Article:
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John E

Can plugs in storage actually shrink?

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I have five plugs that seem to have shrunk after being stored for the winter. Some are mine and some are from other builders so I know it"™s not just my stuff. When I look at the plugs, the paint is wrinkled under the epoxy topcoat but the epoxy and paint does not appear to be separated from the layer below. It"™s still firm and does not give on all but one of the plugs. The plugs were stored in a room that also houses my boiler so it does get warm but not anymore than I think a garage or shed would get during the summer. Here"™s a rundown of the plugs:

 

One of my Needlefish

Topcoat: System 3 Mirrorcoat

Paint: Createx

Sealer: Val-oil/mineral spirits combo

Wood: rock maple

 

One of my Pencil Poppers

Topcoat: System 3 Mirrorcoat

Paint: Spray Cans

Sealer: Minwax Wood Hardener

Wood: Red Cedar

 

2 Needlefish by Another Builders

Topcoat: Unknown Epoxy

Paint: Assume Createx

Sealer: Unknown

Wood: Assume Maple or Birch

 

Darter by Another Builder

Topcoat: Unknown Epoxy

Paint: Assume Createx

Sealer: Unknown

Wood: Believe it"™s AYC

 

My first guess is that the plugs are "drying out" and the wood is shrinking due to a lack of humidity in the room. What do you guys think?

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Very unscientific, but yes, I think wood "breathes" and expands/contracts with temp/humidity changes. Slipknot amoungst others would know, since he works with it professionally. I know I've had epoxy crack on plugs that have never been in the water, so something's going on.

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I don't know how well it show up in photos on my plugs since it's only on one or two small areas. One of the needles from the anonymous builders has it all over but I don't want to post it.

 

It has happened in the past but not every year and it was isolated. At most one plug. So far, it's only happened on the home made ones. No issues with other wood plugs such as Gibbs, Habs Tattoo, Beachmaster, etc.

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I have had it happen, but more often than not because I didn't let either the wood or the sealed plug dry enough. However, it wasn't just on small areas, usually LOTS of places...end up as re-sand and re-paint or to hell with it and keep fishin' it!biggrin.gif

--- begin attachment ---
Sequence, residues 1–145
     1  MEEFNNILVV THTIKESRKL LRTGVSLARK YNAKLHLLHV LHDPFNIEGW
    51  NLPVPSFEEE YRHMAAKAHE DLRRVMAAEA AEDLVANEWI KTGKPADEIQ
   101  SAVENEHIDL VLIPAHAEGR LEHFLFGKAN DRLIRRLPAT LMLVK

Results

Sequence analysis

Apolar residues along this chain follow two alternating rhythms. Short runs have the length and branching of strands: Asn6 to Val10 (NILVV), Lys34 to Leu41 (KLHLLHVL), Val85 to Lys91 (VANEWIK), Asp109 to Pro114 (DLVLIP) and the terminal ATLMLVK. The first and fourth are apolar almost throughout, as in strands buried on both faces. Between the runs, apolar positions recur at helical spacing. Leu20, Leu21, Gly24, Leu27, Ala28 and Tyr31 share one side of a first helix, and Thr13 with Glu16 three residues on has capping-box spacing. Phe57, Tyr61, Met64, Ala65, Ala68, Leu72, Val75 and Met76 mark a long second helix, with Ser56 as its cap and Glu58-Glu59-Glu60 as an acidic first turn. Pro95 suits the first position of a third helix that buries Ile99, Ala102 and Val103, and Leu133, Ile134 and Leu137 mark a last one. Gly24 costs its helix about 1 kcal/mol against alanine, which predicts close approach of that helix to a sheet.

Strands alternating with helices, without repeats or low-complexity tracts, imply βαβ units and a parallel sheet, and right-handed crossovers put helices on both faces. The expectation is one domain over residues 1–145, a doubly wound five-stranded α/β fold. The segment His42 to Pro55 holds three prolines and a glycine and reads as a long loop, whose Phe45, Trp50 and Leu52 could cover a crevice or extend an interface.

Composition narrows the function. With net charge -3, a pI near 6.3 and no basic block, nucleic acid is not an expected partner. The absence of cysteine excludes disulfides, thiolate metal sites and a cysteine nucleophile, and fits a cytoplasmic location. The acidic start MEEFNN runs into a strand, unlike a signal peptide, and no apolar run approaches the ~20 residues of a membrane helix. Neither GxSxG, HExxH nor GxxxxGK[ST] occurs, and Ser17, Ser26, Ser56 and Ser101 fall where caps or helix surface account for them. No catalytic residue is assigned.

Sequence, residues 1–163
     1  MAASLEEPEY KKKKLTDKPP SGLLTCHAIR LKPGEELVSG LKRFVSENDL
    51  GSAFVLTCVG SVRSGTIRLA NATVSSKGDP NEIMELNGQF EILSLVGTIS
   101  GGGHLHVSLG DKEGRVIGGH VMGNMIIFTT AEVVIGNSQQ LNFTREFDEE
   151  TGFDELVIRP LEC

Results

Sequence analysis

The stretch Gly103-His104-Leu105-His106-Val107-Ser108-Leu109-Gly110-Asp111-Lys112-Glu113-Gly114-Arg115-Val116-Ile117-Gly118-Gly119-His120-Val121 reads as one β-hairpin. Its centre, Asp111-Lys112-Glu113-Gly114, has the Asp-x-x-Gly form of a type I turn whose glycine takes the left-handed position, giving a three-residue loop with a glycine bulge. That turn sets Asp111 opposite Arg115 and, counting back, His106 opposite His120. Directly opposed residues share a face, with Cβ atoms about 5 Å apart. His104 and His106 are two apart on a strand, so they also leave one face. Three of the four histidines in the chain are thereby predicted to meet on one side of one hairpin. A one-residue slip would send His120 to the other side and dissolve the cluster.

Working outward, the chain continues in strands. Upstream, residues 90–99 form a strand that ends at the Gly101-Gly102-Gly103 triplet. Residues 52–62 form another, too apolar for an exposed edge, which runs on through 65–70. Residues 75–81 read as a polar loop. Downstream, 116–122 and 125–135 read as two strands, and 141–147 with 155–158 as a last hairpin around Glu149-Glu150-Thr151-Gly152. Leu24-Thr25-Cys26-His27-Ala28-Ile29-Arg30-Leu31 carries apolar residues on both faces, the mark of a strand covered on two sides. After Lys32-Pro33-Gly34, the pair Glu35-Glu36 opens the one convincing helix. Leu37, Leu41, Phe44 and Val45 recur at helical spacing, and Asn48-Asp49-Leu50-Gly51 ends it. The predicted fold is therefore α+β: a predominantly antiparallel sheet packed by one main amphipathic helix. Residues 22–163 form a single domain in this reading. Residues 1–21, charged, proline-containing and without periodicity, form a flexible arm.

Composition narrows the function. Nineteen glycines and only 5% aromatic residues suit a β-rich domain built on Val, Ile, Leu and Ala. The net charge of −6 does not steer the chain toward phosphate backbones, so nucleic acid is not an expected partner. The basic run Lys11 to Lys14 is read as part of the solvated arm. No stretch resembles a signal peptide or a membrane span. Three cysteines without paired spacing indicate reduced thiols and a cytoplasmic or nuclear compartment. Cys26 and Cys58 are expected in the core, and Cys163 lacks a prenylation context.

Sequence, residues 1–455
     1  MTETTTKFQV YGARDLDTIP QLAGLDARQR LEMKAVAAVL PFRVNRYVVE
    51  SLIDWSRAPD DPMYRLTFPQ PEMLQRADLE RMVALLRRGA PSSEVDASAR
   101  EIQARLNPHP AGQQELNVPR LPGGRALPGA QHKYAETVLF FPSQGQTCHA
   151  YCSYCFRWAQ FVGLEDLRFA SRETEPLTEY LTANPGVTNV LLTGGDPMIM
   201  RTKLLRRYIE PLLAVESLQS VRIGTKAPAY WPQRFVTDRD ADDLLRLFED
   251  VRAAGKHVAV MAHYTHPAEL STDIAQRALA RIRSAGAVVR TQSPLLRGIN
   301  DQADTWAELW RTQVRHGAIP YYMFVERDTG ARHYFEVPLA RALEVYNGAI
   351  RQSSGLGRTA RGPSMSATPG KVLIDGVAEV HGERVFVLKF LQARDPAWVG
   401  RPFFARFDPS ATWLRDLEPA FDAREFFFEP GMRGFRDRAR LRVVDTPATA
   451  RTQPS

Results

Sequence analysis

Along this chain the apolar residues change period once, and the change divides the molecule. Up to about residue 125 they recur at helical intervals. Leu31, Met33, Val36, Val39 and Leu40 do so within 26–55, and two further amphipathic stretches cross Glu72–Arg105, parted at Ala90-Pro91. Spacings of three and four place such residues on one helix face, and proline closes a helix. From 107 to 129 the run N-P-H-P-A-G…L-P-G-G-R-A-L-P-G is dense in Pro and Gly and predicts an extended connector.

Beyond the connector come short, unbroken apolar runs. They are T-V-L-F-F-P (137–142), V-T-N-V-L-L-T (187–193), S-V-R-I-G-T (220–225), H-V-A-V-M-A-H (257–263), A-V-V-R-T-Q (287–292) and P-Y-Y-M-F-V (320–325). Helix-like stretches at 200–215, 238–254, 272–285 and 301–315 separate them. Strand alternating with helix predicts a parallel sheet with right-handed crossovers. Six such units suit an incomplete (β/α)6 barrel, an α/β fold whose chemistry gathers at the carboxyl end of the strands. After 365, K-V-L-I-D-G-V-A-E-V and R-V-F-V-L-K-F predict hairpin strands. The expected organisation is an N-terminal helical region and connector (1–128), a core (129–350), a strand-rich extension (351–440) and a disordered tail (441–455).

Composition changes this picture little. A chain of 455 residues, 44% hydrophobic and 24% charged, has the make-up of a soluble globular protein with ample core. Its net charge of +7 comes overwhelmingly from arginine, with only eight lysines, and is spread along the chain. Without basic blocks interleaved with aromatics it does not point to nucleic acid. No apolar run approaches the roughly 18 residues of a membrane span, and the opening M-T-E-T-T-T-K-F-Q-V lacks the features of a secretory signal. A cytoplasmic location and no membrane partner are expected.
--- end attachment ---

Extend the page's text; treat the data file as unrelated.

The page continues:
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With the variation to the processes that you've outlined I'd have to agree with you about shrinking/drying. Do you have a humid area to store them for a while to see if things stretch back?...even a little?

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Yes, wood expands and contracts with the seasons,what will happen is that a plug that is round will turn to an oblong shape.that is wood expands across the grain,i think the term is the tangent, is does the same with the grain, radially, but not as muck. there are tables that will give the amount each wood moves. a 12 in board can vary as much as 1/4 inch.not sure if that is the problem that is occuring with the plugs you mentioned, but quite a few plugs i have recieved in trades that are epoxied have done the same thing.

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In my furniture making career, wood movement was a daily reality. I had to plan differently if I was building in Jan, than if I was in Aug. It can srew you 6 months later after the check was long past spent.

This situation is wierd in that I'm sure you have other of your plugs near them done the same way yours w/ the problems were.

 

-How old are the plugs? have they been through a few season cycles?

 

-Was your wood air or kiln dried? Air dried wood can do funny things.

Moisture content before they were made + fishing + winter could do it.

- If the top coat can't flex too much (epoxy), and that particular blank wants to move just enough,......then crack.